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JakilaTheHun (99.93)

FDIC, Moral Hazard, and "Too Big to Fail"

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March 14, 2012 – Comments (31) | RELATED TICKERS: BAC , C , WFC

From Malthusian Nectar

 

The relationship between FDIC insurance, large banks, and the concept of “Too Big To Fail” (TBTF) is one of the more troubling aspects of our financial system.  What most people don’t understand is that FDIC insurance is one of the primary drivers behind this TBTF concept.  FDIC undermines market forces in regards to risk management and subsidizes the large banks as a result.

Some have advocated eliminating FDIC to fix this issue, but I also see that as somewhat undesirable and difficult to implement. It’s true that consumers would help keep banks a bit more accountable in a completely unregulated system, but here’s the thing: I have analyzed banks for a living. If I’m not an “expert”, I’m at least more knowledgeable than 99.9% of the population. And it’s very difficult for me to say with a high degree of certainty which banks are safe and which ones aren’t in a crisis setting.

I can look at capital ratios, past loan performance, and other financial metrics, but all of that is “past performance” and none of that tells me if the bank recently lent out to a massive number of non-creditworthy customers . And if I’m better than 99.9% of the population at assessing this and I can’t even give you a good answer, than how does the other 99.9% fare?  This is simply an issue that requires a lot of expertise and your average depositor lacks that.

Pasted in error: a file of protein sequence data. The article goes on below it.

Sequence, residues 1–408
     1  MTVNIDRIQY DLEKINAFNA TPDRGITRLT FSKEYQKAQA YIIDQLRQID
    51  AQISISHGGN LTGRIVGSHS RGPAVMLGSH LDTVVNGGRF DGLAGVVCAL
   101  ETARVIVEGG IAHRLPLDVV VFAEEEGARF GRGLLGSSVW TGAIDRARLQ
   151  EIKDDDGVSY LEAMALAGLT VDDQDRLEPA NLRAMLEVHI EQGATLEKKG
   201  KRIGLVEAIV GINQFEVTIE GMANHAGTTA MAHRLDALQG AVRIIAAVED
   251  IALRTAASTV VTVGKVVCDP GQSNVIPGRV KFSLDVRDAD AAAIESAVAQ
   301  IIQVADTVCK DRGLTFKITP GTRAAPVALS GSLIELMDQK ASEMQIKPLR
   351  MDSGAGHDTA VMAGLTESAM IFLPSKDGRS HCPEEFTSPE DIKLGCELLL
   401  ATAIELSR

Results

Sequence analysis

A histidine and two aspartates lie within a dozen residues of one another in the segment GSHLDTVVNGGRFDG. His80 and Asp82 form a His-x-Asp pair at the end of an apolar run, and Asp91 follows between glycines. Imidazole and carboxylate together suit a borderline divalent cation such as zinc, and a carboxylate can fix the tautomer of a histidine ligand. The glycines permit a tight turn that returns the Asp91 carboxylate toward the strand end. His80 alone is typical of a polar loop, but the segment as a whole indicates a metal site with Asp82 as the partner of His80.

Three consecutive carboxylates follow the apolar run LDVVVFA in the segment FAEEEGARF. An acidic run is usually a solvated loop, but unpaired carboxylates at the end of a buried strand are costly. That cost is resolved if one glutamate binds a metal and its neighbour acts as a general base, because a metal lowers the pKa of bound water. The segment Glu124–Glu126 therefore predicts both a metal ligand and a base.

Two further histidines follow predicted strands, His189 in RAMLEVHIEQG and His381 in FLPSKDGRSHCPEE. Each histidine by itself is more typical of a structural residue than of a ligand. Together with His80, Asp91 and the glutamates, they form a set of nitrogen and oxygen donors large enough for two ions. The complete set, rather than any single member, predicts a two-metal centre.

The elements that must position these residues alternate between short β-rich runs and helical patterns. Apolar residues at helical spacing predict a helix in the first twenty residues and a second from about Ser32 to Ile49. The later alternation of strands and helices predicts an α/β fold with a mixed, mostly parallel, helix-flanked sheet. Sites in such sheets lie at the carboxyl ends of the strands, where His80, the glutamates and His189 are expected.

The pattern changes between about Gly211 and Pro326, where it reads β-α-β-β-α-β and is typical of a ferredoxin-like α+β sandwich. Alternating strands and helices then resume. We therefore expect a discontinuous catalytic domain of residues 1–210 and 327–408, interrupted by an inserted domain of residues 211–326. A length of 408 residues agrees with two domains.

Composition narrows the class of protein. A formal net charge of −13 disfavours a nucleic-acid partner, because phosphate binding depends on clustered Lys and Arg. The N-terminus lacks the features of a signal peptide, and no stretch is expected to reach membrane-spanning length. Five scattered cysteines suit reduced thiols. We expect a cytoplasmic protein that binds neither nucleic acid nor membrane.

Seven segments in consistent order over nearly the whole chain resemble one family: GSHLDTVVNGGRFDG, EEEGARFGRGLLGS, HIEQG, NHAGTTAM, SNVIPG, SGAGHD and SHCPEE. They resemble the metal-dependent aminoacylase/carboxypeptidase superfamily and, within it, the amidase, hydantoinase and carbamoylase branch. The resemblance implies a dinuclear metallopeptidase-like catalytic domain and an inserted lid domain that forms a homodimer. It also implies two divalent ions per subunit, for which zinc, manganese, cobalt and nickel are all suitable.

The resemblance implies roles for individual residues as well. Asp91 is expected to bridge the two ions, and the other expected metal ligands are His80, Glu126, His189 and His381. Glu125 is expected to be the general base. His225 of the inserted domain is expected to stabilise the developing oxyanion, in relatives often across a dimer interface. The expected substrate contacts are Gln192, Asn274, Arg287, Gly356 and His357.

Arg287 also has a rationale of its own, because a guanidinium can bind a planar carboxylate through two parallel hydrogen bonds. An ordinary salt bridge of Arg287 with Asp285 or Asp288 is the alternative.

So deposit insurance, minimal capital ratios, and some sort of basic ground rules seem vital to me, in order to ensure the soundness of the banking system. But that doesn’t mean that our current system totally works.  While I'd hold the American banking system high above almost all the systems of Europe and much of Asia, as well, it still has some significant issues.  And we're moving in the wrong direction right now. 

The primary Congressional response to the financial crisis was Dodd-Frank.  Unfortunately, Dodd-Frank is a complete disaster and actually makes the TBTF issue worse, not better. It also makes small banks less competitive, which is precisely the opposite result a free market would yield.  More importantly, it's this sort of result that puts the taxpayers in greater danger. 

If I had my druthers, I think I’d go a much different way with banking reform. I would radically change the nature of FDIC. Instead of being a direct insurer, the FDIC should instead require the banks to purchase deposit insurance from a *private* insurer. 

Why would this system be superior? For one, part of my thesis on why FDIC distorts the market is because the insurance rates don’t take into account the concept of systemic risk. We treat a small community bank and a giant mega-bank such as Citi or BofA as exactly the same under the current regulations. This is a competitive advantage for the mega-banks, because they create much higher risk, yet aren't required to pay higher prices to reflect this risk.  In essence, they are being subsidized by the Federal government via the FDIC program.